Pope’s resignation ‘a cheap soap opera’


A papal advisor has dismissed media rumours of the pope’s likely resignation as nothing more than “a cheap soap opera”.

According to Cardinal Óscar Andrés Rodríguez Maradiaga, who advises the pope within the Council of Cardinals, news reports suggesting Pope Francis’ physical decline will soon lead to a new conclave are “fake news”.

The rumours are being perpetrated by outlets located primarily in the United States where Francis faces “strong opposition”.

The pope has never thought about resigning, Maradiaga says.

Numerous articles published recently in major news outlets have attempted to draw conclusions from a conflagration of scheduled events in August.

These include cardinals from across the globe convening at the Vatican where Francis will make 21 new cardinals. They will also discuss the new apostolic constitution “Praedicate Evangelium” or “Preach the Gospel”.

Much has been made of the unusual timing of these events in August instead of September. Speculation includes Francis may be hurrying to cement his legacy. His cardinal appointments are assumed to be a sign that he is paving the way toward his successor.

That’s just not right, Maradiaga says.

The consistory “is proof that the pope is moving forward, he is not going to resign, nor is he sick”.

While it is true Francis has had various ills – including sciatica and knee pain which have recently led him to cancel events that put a strain on his legs and eventually forced him to use a wheelchair – resignation is not on his horizon.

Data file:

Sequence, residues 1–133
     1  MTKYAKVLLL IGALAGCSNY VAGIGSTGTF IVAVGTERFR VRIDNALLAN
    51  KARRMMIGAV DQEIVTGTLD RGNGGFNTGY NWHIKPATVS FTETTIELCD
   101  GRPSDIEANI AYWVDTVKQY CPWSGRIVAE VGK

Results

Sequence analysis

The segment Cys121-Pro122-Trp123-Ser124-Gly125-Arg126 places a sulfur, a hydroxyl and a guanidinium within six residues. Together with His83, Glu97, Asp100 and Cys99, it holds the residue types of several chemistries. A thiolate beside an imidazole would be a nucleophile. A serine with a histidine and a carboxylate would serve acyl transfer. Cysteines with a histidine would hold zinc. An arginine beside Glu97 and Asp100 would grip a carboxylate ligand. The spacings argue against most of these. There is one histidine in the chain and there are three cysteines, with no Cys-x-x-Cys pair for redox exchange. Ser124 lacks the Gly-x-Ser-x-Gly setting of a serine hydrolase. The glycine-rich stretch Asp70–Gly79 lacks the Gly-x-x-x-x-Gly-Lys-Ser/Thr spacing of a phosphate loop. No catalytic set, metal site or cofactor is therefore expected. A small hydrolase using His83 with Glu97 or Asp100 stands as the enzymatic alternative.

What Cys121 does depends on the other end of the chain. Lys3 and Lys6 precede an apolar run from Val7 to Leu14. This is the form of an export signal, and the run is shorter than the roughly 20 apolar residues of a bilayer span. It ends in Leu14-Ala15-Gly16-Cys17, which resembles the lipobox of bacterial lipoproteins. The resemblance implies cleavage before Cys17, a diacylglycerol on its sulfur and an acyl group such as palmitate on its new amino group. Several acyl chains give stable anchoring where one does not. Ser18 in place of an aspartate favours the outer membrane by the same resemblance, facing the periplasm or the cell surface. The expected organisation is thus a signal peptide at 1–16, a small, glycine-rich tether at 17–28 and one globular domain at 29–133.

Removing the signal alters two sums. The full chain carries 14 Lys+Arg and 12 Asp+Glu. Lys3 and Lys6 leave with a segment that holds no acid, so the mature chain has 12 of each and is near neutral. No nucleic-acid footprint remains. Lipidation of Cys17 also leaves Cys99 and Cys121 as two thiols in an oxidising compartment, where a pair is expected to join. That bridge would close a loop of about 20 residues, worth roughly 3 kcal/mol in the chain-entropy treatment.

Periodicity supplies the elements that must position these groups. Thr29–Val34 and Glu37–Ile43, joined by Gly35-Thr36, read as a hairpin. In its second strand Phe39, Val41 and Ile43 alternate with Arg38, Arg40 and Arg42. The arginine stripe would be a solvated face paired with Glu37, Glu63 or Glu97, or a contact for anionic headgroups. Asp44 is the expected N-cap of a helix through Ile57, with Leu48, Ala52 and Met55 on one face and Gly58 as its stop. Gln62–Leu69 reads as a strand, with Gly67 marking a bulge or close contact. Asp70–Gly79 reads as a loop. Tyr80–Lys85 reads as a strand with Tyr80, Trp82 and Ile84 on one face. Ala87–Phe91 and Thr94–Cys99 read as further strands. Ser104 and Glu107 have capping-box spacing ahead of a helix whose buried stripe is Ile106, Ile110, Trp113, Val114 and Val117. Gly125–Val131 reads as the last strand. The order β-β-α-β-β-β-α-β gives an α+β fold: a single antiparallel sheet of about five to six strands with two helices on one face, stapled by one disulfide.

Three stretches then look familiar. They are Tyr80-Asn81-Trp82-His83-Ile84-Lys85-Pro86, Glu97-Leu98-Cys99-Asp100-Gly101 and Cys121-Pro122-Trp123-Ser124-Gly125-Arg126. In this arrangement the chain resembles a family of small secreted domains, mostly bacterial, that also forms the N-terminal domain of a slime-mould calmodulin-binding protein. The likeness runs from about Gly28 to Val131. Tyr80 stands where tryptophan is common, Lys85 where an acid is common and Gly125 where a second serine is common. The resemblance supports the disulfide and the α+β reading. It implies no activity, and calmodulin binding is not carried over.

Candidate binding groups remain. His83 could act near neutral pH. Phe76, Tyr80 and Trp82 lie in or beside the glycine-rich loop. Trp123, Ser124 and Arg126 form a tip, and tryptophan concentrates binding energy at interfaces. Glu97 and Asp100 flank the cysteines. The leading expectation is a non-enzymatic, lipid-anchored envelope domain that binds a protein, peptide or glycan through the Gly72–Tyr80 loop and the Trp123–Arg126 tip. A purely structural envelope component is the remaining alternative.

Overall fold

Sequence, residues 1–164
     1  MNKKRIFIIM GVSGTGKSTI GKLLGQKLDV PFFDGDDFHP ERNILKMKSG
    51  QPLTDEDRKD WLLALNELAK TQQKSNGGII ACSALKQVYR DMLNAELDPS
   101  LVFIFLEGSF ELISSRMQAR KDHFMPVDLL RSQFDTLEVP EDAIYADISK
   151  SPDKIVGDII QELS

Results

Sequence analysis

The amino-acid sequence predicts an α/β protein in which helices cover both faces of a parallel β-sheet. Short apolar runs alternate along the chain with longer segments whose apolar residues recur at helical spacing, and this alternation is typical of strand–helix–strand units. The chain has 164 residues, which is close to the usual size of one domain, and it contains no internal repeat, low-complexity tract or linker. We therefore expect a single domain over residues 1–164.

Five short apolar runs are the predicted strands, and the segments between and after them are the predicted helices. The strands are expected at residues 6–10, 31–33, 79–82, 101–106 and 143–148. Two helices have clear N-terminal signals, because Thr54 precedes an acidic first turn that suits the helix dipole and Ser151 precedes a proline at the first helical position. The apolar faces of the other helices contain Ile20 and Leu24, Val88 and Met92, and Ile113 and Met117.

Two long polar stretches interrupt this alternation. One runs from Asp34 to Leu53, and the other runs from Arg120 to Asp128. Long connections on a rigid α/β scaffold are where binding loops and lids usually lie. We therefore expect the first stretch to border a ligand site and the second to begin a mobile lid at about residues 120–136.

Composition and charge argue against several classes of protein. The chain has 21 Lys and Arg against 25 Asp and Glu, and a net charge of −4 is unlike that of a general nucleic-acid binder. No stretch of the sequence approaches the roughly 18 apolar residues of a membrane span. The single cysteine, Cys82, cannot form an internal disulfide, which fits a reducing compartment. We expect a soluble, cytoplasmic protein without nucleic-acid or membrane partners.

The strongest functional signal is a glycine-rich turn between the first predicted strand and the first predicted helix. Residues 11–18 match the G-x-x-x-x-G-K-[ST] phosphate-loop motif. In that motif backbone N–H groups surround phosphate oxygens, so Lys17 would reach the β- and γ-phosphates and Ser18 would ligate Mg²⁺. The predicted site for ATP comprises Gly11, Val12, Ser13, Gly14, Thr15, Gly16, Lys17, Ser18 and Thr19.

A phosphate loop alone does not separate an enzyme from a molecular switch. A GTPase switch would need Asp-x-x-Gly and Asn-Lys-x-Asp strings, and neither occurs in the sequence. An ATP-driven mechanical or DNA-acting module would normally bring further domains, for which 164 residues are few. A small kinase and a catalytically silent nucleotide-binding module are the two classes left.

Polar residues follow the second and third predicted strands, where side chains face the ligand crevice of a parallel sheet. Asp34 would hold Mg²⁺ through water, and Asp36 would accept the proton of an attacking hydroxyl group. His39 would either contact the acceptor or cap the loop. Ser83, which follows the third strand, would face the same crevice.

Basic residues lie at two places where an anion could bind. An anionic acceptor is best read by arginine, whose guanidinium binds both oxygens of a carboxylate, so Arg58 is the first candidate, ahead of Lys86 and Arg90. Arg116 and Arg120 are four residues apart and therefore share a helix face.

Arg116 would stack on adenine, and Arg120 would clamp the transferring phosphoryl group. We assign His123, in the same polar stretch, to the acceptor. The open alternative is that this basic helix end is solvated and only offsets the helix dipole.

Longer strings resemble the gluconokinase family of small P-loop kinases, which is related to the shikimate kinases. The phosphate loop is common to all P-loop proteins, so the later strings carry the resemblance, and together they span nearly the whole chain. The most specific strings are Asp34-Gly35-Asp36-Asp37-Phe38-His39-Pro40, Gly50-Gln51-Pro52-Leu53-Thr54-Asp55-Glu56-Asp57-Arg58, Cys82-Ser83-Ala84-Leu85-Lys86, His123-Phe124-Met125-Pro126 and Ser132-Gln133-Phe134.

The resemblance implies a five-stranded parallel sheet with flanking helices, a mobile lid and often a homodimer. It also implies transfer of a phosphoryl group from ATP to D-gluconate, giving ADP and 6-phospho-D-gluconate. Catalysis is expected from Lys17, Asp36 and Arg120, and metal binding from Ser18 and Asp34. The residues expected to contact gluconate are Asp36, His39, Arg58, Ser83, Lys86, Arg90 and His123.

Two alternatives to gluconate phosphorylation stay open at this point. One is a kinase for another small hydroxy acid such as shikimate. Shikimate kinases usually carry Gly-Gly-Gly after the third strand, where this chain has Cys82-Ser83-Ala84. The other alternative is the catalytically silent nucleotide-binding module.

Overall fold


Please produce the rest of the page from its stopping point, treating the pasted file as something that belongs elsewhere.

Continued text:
The summit of cardinals will be an opportunity to address “Francis’ great reform,” and the pope “is perfectly fine” despite his knee pain and “will continue to govern the church,” says Maradiaga.

So why the rumours?

It could be a case of one and one equaling five. First, the August changes; then the wheelchair and a few cancellations.

Then the pope has a packed schedule for July including trips to South Sudan, the Congo and another to Canada – but – no general audiences and prayer services.

Doctors recommend surgery. Francis says “I’d resign rather than undergo surgery.”

Then – the big rumour reason: Francis’s decision to visit the Basilica of Collemaggio where Pope Celestine V, who retired from the pontificate after curial opposition, is buried.

Pope Benedict XVI visited the site in 2009 and laid his pallium, a liturgical vestment symbolising papal authority, before the tomb. Four years later, he resigned.

Maradiaga says reading Francis’ visit to the basilica as a sign of his imminent resignation constitutes a “cheap soap opera”. The trip to Aquila had been planned for a long time, he says.

In his view, Francis’s critics are spreading the rumours about his resignation.

At present for instance, he is faced with a “sit-down strike” by members of the Curia who oppose his reforms. That this is the case is clear: so far, the apostolic constitution has not yet been translated into any language other than Italian.


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